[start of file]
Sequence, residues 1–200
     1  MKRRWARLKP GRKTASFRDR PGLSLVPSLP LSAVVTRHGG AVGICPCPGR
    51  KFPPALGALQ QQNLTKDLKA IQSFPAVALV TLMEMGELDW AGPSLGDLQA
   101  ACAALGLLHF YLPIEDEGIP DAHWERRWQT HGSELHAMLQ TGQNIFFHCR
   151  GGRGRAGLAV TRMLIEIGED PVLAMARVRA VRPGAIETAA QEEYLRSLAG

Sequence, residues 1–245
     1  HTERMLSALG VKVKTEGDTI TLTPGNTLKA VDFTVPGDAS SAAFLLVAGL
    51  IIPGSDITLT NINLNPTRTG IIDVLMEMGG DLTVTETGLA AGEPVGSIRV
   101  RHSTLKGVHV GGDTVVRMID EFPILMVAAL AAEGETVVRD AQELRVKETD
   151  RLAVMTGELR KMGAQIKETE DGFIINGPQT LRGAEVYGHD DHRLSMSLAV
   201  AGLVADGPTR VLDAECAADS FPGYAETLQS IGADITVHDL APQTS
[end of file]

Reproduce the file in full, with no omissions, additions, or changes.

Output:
Sequence, residues 1–200
     1  MKRRWARLKP GRKTASFRDR PGLSLVPSLP LSAVVTRHGG AVGICPCPGR
    51  KFPPALGALQ QQNLTKDLKA IQSFPAVALV TLMEMGELDW AGPSLGDLQA
   101  ACAALGLLHF YLPIEDEGIP DAHWERRWQT HGSELHAMLQ TGQNIFFHCR
   151  GGRGRAGLAV TRMLIEIGED PVLAMARVRA VRPGAIETAA QEEYLRSLAG

Sequence, residues 1–245
     1  HTERMLSALG VKVKTEGDTI TLTPGNTLKA VDFTVPGDAS SAAFLLVAGL
    51  IIPGSDITLT NINLNPTRTG IIDVLMEMGG DLTVTETGLA AGEPVGSIRV
   101  RHSTLKGVHV GGDTVVRMID EFPILMVAAL AAEGETVVRD AQELRVKETD
   151  RLAVMTGELR KMGAQIKETE DGFIINGPQT LRGAEVYGHD DHRLSMSLAV
   201  AGLVADGPTR VLDAECAADS FPGYAETLQS IGADITVHDL APQTS